The Passion vs. Tech Trap
Tell me if this sounds familiar: All your life, you’ve been told to follow your passion.
“Follow your dreams and the universe will open doors to you.”
“Do what you love and you’ll never work a day in your life.”
“Whatever you decide to do, make sure it makes you happy.”
So you figured, “Wow - an idea with so many great quotes can’t be wrong!” And then you went off and majored in art history, education policy, or interpretive dance studies - or whatever made your heart sing.
And everything seemed great until you graduated and started seeing another series of quotes in the media:
“Computer science majors make 3x more money than liberal arts grads.”
“The hottest job in the world is the programmer.”
“Learn to code - or else!”
Whatever happened to following your passion? Especially if your passion includes working for a cool tech company - but now the world is telling you that your first strategy left you woefully under-qualified???
How to Escape the Trap
Well I’m here to give you a third kind of quote: “You don’t need to code to get a tech job - you just need to find your fit.”
Here’s what I mean:
While it’s true that there are lots and lots of coders in the tech space, it’s also true that there are actually more non-coders working in tech than programmers!
That’s because complex technology products - from apps to electric cars - require the collaboration of dozens of specialists. Designers, researchers, marketers, accountants, and, yes, coders, all come together to bring tech magic to life. And so for every coder that’s hired, a tech company typically hires a few more non-technical collaborators.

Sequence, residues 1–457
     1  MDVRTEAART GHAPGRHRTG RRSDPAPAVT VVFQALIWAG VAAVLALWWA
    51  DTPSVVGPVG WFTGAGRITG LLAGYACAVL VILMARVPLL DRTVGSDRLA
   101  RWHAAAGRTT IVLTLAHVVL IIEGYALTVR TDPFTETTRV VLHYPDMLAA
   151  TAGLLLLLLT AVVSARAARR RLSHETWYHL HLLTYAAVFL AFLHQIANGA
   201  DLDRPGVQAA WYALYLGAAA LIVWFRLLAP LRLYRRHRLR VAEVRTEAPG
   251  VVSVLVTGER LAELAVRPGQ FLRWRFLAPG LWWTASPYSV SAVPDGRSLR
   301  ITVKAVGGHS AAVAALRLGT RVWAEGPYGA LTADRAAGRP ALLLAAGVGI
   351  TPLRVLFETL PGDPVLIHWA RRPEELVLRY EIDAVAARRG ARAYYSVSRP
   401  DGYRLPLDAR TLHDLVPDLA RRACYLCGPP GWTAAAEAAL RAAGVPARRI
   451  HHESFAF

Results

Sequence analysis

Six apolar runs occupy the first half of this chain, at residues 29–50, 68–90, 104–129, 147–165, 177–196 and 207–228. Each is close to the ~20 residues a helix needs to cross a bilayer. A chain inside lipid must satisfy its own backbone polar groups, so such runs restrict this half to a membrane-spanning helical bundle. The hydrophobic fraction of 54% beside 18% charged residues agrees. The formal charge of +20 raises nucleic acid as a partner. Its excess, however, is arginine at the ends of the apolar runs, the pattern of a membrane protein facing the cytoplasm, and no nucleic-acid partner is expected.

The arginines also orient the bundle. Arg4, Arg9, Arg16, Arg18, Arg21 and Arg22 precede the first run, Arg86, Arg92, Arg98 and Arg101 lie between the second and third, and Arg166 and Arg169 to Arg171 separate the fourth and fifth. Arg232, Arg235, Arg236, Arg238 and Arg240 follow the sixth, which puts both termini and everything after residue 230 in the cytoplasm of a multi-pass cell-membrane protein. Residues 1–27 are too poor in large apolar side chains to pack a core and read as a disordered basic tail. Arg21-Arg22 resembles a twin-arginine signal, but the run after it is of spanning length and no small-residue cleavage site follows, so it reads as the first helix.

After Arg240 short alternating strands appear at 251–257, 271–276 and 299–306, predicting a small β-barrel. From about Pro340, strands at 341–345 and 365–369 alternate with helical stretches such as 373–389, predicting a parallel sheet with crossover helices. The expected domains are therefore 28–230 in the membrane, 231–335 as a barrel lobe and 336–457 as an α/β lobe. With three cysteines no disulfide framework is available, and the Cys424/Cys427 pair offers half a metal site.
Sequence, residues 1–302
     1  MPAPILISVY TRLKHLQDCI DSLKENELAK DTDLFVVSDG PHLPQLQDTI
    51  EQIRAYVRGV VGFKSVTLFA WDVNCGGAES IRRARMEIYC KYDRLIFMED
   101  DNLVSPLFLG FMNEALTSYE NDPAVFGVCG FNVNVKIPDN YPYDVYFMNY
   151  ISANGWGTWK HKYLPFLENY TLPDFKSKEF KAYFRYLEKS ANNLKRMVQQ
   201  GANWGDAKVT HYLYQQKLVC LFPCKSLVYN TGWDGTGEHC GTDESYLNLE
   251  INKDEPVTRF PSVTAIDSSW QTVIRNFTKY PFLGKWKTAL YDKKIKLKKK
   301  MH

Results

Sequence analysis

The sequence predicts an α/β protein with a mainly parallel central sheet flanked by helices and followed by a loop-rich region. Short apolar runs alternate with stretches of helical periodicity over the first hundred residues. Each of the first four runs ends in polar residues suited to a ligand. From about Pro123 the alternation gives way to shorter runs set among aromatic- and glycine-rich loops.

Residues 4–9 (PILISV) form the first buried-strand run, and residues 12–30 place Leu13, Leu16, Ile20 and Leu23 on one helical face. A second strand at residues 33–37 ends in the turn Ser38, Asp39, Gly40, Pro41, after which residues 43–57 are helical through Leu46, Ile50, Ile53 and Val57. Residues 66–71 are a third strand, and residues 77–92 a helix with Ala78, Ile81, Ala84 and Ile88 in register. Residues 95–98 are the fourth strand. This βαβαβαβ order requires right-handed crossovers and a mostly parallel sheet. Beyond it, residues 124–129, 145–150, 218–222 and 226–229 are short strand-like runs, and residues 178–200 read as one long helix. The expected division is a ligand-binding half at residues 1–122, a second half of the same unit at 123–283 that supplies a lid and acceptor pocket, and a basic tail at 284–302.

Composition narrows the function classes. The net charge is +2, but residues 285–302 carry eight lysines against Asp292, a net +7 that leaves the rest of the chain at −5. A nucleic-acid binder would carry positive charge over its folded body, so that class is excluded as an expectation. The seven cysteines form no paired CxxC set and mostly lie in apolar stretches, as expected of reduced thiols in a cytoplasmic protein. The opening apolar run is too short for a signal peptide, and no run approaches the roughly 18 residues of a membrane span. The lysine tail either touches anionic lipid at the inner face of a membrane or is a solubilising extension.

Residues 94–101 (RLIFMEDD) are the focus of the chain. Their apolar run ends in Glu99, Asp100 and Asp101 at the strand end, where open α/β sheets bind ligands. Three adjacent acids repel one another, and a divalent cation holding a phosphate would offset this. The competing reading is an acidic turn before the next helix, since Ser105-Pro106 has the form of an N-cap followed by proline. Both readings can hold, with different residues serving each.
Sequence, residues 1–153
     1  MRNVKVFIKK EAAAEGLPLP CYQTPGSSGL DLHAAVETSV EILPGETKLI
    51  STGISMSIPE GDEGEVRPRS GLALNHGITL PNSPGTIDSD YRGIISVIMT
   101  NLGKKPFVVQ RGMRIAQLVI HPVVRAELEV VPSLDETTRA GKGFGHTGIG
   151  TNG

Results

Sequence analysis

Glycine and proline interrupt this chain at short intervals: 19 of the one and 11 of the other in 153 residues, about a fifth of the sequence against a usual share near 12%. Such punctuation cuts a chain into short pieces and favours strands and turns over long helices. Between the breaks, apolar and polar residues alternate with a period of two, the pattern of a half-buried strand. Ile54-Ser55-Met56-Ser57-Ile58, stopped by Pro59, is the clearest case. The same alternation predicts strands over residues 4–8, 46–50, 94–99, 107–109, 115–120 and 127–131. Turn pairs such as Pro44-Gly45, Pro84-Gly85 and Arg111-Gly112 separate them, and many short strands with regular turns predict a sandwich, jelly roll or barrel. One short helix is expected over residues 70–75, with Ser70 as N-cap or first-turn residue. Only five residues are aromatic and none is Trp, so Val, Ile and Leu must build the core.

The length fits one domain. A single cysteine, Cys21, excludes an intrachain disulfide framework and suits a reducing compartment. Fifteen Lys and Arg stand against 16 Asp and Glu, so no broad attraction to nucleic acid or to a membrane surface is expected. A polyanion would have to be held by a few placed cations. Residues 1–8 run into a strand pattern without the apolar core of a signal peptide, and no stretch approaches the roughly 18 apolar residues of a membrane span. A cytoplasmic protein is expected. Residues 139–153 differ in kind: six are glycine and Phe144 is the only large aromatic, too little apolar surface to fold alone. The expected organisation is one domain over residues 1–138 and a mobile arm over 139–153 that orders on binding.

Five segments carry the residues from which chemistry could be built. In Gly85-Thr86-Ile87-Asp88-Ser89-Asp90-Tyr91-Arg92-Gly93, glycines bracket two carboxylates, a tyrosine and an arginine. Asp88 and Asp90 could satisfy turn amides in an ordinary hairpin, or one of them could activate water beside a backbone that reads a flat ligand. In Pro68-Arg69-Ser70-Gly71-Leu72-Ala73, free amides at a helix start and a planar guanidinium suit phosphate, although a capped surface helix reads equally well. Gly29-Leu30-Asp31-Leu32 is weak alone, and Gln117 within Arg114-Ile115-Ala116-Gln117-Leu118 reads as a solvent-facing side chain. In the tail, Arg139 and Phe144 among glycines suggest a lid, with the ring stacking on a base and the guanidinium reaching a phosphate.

But here’s the catch: Those collaborators are hired to perform specific tasks, not just because they love technology. So if you want these jobs, you’ll need to make the case that you’re the perfect fit for those tasks, not just that you think Google/Apple/Facebook is so cool!
Finding Your Fit
So how do you find your fit in the first place? It turns out there are three steps:
1) Understand the Roles
First, you need to have a good grasp of what the tech industry’s non-coding jobs are all about.
I’ve included a cheat sheet below but to get an even deeper understanding of what each role entails, check out my complete guide to every major non-technical role.
In addition, it’s important to see through these fancy titles to understand what a role is really about. For instance, Marketing might sound like something you’re unqualified for, but it really boils down to just four basic skills:
- Understanding your audience
- Developing plans to reach them
- Executing on those plans
- Measuring your impact
And as you’ll see in the next step, lots of different experiences prepare you for this kind of work.
2) Understand Your Experiences
Did you start your career as a teacher? A nonprofit staffer? A pizzeria chef?
Surely, there’s no way those experiences qualify you to work in tech, right?
Because I actually did all three of those jobs before landing my first tech role. And it turned out that, not only weren’t those roles a handicap, but they actually helped me make the case that I could come in and get tech jobs done.